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Creating Project Classifications: Why do it?

Created on 11 August 2008 Written by Dennis Bolles
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A project management methodology should add value to the process of managing projects rather than only providing administrative functions. It isn’t practical or necessary to require all projects, regardless of size, complexity, duration, etc. to the use all 39 core and facilitating processes identified in the PMBOK® Guide, a publication of the Project Management Institute. Use of project management processes should be “scaled” to fit the need for ensuring adequate controls are in place.

In some cases, it may make sense to modify certain process requirements and / or tools. For example, the scope statement or capital authorization request (CAR) may be adjusted for specific projects to ensure that requirements are scaled to add value and not unnecessary paperwork. These decisions should be made on a case-by-case basis. A classification system should establish guidelines to help define the minimum requirements for projects that meet different criteria and to ensure that the scaling of requirements is done on a consistent basis.

 

Level

Project Classification Factors

Budget Amount

Duration (Months)

Boundaries

One

$0

0-3

Intradepartmental

Two

< $20,000

<3

Intradepartmental

Three

$20 - $100,000

3-6

IT cross-functional

Four

$100,000 - $250,000

6-12

Interdepartmental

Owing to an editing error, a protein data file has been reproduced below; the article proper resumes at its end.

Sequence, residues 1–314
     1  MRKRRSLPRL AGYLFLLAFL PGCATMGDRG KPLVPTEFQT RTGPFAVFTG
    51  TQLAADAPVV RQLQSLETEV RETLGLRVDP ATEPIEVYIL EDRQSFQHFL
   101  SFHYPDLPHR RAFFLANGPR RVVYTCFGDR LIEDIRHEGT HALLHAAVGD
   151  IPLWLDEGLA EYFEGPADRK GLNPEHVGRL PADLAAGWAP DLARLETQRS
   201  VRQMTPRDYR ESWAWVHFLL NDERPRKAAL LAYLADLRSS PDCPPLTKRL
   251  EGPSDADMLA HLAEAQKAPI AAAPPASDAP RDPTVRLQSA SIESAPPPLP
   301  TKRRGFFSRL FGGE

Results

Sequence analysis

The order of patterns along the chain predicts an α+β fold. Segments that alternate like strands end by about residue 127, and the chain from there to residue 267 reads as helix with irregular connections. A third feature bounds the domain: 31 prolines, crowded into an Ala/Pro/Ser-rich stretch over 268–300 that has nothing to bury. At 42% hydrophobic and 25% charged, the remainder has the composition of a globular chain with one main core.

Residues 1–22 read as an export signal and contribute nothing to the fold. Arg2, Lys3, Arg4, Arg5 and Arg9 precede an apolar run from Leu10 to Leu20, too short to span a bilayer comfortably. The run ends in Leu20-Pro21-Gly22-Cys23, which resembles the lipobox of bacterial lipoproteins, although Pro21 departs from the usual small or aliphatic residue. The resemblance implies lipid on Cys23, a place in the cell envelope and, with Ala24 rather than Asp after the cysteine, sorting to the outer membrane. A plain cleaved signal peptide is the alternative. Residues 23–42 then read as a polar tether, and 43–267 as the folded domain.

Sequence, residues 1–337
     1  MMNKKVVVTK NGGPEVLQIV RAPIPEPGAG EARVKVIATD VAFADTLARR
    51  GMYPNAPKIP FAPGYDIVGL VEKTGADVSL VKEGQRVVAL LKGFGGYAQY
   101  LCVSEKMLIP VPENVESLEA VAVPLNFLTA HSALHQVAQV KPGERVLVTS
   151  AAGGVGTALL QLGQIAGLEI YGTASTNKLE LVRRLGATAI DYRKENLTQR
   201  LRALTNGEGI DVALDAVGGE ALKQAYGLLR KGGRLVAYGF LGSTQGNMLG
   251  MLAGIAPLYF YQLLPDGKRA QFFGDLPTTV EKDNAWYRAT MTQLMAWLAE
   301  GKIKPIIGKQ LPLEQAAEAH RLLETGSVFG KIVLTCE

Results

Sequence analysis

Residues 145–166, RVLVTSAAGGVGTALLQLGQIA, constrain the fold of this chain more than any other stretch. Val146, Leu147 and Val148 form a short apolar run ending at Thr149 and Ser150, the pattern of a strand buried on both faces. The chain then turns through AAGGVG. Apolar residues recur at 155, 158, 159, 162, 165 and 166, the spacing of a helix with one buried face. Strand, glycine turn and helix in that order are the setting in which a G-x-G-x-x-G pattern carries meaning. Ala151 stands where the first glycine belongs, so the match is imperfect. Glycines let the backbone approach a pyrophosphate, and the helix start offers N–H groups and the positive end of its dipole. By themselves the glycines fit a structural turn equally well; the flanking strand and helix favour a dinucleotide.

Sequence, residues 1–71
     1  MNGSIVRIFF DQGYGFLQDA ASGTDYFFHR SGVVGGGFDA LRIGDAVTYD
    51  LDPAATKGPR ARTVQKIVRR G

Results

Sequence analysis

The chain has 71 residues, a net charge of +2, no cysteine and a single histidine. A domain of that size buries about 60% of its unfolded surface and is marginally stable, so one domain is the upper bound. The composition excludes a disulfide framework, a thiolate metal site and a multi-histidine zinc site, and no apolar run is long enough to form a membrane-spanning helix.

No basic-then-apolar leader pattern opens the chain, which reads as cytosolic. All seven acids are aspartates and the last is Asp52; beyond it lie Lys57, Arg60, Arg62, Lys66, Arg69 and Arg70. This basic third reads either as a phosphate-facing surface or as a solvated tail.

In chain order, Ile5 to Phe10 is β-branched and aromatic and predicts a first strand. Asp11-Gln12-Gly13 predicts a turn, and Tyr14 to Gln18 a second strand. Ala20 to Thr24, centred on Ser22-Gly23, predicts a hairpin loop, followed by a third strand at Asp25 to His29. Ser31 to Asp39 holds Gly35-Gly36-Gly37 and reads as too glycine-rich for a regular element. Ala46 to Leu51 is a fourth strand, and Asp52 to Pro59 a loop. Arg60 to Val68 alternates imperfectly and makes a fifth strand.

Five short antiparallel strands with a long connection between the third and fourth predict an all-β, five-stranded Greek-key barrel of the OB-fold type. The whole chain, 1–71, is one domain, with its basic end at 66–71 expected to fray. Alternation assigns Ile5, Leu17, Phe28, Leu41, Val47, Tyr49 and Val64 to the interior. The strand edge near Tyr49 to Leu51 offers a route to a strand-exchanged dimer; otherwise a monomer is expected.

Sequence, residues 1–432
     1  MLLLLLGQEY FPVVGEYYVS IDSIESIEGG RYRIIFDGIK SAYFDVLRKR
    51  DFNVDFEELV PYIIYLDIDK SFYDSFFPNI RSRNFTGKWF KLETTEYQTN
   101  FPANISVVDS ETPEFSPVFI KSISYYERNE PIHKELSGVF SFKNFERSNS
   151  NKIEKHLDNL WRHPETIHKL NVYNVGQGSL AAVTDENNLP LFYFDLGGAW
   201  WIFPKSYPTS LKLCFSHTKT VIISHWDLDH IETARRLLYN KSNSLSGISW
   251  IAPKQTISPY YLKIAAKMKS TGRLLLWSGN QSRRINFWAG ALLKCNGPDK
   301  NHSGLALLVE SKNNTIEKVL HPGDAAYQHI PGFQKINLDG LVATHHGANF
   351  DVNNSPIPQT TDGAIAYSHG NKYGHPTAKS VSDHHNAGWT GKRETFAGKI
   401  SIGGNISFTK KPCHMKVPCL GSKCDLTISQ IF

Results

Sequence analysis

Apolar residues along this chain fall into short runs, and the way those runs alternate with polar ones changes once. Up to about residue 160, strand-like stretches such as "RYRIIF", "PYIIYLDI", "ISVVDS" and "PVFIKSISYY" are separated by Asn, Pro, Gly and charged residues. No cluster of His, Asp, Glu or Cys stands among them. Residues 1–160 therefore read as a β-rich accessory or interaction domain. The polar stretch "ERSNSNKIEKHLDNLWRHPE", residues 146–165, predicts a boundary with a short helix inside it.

Five

> $250,000

>12

Global

The table above shows a system created for an information technology center of excellence that classifies all projects into one of five levels based on three primary factors: project budget, project duration, and project boundaries. The first and third factors have more weight in determining classification than the project duration. These factors will be used as general classification guidelines; however, other factors like the project’s importance (strategic status) to the organization may influence a project’s assignment to a higher classification level.

The Project Classification Matrix table (above) illustrates how some simple factors that can be used to determine the minimum requirements for projects in the five classifications.

Take small steps at the beginning and don’t expect everyone to understand or appreciate the value of this new approach to managing projects. This is especially true if a formalized approach to managing projects is nonexistent. In this case, it is very important to focus on introducing minimum requirements at the start; otherwise efforts to get people to embrace the methodology will be viewed as unnecessary administrative tasks adding more management controls that increase an already overwhelming workload. I do not suggest that the methodology contents be reduced, but rather initial requirements be limited until it is determined that the organization is ready to begin using more of the processes.

About the author:

 
 dbolles_1x1.25.jpg
Dennis Bolles has more than 30 years experience with business and project management in multiple industries. His primary focus over the past 15 years has been advising organizations on methodology development, governance and corporate strategy. He led a virtual project team of 300 volunteers world-wide to a successful completion and on-time delivery of the PMI ANSI Standard PMBOK® Guide Third Edition in 2004. He is a published author of many project management articles, seminars, and two books entitled "Building Project Management Centers of Excellence" and "The Power of Enterprise-Wide Project Management". See his full profile on LinkedIn and invite him to join your network. 
Last Updated on Tuesday, 31 July 2012 23:20
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